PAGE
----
More MASCs
Cryptanalysis of a MASC
Unsolved Ciphers by a Killer and a Composer
Affine Ciphers
Morse Code and Huffman Coding
MASC Miscellanea
Cryptanalysis of Nomenclators
Book Codes

Simple Progression to an Unbreakable Cipher
Vigenère Cipher
History of the Vigenère Cipher
Cryptanalysis of the Vigenère Cipher
Running Key Cipher and Its Cryptoanalysis
One-Time Pad or Vernam Cipher
Breaking the Unbreakable
Faking Randomness
Unsolved Cipher from 1915
OTPs and the SOE
History Rewritten!

Transposition Ciphers
Simple Rearrangements and Columnar Transposition
Cryptanalysis of Columnar Transposition
Historic Uses
Double Transposition
Word Transposition
Transposition Devices

Shakespeare, Jefferson, and JFK
Shakespeare vs. Bacon
Thomas Jefferson: President, Cryptographer
Cipher Wheel Cryptanalysis
Playfair Cipher
Playfair Cryptanalysis

World War I and Herbert O. Yardley

Zimmermann Telegram
ADFGX: A New Kind of Cipher
Cryptanalysis of ADFGX
Herbert O. Yardley
Peacetime Victory and a Tell-All Book
Case of the Seized Manuscript
Cashing in, Again
Herbert O. Yardley: Traitor

Matrix Encryption
Levine and Hill
How Matrix Encryption Works
Levine’s Attacks
Bauer and Millward’s Attack
More Stories Left to Tell

World War II: The Enigma of Germany
Rise of the Machines
How Enigma Works
Calculating the Keyspace
Cryptanalysis Part 1. Recovering the Rotor Wirings
Cryptanalysis Part 2. Recovering the Daily Keys
After the Break
Alan Turing and Bletchley Park
Lorenz Cipher and Colossus
What If Enigma Had Never Been Broken?
Endings and New Beginnings

Cryptologic War against Japan
Forewarning of Pearl Harbor?
Friedman’s Team Assembles
Cryptanalysis of Red, a Japanese Diplomatic Cipher
Purple: How It Works
Purple Cryptanalysis
Practical Magic
Code Talkers
Code Talkers in Hollywood
Use of Languages as Oral Codes

Claude Shannon

About Claude Shannon
One More Time
Unicity Points
Dazed and Confused

National Security Agency
Origins of NSA
Size and Budget
The Liberty and the Pueblo
Church Committee Investigations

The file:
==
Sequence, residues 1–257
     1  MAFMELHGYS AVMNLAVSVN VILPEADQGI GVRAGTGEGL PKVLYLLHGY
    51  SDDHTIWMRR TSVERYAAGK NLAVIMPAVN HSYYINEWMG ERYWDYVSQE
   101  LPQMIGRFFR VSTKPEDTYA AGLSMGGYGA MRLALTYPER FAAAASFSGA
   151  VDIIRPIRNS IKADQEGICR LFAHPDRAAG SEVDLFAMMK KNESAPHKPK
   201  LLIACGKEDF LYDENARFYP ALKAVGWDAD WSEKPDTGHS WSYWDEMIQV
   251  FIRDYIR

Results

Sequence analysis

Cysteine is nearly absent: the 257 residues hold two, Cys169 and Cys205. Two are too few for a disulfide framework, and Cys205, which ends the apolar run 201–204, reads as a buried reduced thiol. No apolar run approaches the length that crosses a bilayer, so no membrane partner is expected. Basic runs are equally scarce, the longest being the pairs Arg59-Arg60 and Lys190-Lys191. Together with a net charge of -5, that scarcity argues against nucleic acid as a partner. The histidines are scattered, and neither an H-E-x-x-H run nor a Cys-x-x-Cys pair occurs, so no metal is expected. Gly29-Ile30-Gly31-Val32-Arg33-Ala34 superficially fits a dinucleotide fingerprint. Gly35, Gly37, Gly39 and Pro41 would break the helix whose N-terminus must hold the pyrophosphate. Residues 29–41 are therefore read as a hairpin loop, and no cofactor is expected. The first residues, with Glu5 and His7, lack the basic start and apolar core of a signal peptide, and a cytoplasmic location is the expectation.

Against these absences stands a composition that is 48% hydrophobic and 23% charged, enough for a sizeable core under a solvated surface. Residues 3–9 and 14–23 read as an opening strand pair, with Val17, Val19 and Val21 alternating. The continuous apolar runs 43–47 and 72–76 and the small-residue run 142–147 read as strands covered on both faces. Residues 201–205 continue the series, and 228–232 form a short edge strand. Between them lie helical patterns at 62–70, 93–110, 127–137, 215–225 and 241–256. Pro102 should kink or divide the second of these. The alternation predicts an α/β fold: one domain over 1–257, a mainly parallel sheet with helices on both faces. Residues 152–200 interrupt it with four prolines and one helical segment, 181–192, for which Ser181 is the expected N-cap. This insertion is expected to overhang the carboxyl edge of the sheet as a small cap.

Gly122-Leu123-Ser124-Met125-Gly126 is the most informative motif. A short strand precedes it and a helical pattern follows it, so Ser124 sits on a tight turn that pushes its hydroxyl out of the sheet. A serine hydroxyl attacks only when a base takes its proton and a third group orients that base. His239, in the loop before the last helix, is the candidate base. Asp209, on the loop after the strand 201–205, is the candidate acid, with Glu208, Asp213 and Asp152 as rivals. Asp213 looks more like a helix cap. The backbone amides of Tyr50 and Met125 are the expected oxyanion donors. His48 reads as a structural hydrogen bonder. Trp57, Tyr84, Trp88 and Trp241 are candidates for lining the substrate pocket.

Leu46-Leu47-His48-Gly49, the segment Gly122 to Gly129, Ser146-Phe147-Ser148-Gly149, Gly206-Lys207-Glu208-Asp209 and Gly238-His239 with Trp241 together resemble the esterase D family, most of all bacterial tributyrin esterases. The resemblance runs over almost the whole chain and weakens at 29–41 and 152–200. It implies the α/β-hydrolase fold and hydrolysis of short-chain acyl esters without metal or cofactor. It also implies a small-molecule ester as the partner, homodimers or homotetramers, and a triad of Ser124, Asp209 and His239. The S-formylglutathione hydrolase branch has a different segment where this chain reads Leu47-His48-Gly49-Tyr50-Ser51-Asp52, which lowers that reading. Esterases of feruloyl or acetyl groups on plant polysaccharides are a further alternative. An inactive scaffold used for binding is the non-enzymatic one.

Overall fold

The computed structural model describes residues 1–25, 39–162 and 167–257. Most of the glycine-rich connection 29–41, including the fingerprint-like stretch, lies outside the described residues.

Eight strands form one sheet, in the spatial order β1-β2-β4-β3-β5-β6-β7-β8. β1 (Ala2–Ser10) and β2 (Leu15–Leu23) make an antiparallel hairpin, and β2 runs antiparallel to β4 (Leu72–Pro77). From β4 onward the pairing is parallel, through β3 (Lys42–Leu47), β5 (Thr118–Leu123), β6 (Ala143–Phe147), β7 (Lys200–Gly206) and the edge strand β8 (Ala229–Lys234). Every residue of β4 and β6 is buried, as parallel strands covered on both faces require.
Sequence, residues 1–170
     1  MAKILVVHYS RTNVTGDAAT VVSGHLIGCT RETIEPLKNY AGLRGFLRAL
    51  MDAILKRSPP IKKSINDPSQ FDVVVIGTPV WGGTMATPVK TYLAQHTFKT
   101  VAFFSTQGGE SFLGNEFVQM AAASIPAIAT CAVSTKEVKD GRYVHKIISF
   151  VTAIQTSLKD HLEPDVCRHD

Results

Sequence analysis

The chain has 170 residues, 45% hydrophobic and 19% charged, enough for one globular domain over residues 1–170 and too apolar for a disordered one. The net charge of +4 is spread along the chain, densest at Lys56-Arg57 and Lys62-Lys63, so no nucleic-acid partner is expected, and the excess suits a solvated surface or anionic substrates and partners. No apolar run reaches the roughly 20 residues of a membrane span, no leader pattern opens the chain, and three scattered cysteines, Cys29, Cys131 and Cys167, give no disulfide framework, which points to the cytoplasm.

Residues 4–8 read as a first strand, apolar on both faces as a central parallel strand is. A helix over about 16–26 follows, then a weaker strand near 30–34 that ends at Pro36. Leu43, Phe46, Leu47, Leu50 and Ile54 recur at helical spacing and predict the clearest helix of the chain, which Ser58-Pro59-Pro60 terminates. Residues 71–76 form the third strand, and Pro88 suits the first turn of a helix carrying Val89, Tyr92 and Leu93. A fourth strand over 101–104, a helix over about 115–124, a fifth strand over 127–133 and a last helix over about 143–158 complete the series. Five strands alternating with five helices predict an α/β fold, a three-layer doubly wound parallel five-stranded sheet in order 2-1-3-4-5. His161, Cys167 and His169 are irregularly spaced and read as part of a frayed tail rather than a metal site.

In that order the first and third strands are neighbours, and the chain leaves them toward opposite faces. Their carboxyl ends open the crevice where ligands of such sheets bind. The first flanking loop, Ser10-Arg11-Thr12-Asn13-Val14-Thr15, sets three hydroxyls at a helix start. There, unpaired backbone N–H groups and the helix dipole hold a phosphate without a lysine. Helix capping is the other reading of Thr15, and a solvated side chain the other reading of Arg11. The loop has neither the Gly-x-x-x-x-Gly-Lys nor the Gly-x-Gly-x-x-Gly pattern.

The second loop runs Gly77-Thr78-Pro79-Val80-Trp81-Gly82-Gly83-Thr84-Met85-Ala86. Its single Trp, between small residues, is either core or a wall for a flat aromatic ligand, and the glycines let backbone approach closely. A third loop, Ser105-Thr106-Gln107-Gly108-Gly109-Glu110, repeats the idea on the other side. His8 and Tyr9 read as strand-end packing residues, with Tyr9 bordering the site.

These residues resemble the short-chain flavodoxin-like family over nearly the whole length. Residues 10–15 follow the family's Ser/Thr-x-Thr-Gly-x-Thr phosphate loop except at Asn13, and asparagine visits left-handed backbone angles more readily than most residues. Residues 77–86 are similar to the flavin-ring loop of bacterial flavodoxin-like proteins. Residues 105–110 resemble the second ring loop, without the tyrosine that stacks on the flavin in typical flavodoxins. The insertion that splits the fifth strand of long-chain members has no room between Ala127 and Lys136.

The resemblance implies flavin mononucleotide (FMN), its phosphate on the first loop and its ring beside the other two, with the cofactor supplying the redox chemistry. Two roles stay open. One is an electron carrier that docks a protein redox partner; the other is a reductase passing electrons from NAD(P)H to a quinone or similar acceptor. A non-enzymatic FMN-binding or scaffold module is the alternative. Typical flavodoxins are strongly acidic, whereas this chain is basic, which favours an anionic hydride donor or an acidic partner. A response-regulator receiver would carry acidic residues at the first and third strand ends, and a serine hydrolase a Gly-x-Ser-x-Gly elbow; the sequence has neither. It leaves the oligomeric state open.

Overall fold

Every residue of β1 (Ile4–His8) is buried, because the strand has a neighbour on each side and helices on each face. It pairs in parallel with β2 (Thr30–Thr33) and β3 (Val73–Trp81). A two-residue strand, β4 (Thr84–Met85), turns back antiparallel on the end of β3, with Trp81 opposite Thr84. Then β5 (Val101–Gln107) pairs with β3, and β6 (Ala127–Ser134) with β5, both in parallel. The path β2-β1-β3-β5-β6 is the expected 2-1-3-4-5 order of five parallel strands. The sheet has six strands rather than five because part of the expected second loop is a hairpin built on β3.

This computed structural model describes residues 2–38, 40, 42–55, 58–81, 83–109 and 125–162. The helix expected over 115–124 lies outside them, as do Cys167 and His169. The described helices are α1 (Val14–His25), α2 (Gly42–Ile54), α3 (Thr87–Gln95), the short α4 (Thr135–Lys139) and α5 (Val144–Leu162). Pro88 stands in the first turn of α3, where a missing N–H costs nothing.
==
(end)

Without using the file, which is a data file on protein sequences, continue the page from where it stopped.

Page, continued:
Post Cold War Downsizing
Some Speculation
2000 and Beyond
Interviewing with NSA
BRUSA, UKUSA, and Echelon

Data Encryption Standard
How DES Works
Reactions to and Cryptanalysis of DES
Second Chance
Interesting Feature
Modes of Encryption

Birth of Public Key Cryptography
Revolutionary Cryptologist
Diffie-Hellman Key Exchange
RSA: Solution from MIT
Government Control of Cryptologic Research
RSA Patented, Alice and Bob Born Free

Attacking RSA
Eleven Non-Factoring Attacks
Factoring Challenge
Trial Division and the Sieve of Eratosthenes (ca. 284–204 BCE)
Fermat’s Factorization Method
Euler’s Factorization Method
Pollard’s p – 1 Algorithm
Dixon’s Algorithm
Pollard’s Number Field Sieve

Primality Testing and Complexity Theory
Some Facts about Primes
Fermat Test (1640)
Miller-Rabin Test
Deterministic Tests for Primality
Complexity Classes, P vs. NP, Probabilistic vs. Deterministic
Ralph Merkle’s Public Key Systems
Knapsack Encryption
ElGamal Encryption

Problem from World War II
Digital Signatures (and Some Attacks)
Hash Functions: Speeding Things Up
Digital Signature Algorithm

Pretty Good Privacy
Best of Both Worlds
Birth of PGP
In Zimmermann’s Own Words
Impact of PGP
Implementation Issues

Stream Ciphers
Congruential Generators
Linear Feedback Shift Registers
LFSR Attack
The Cellphone Stream Cipher A5/1

Suite B All-Stars
Elliptic Curve Cryptography (ECC)
Personalities behind ECC
Advanced Encryption Standard (AES)
AES Attacks

Possible Futures
Quantum Cryptography: How It Works
Quantum Cryptography: Historical Background
DNA Computing


Publish Book: 
Modify Date: 
Tuesday, October 22, 2013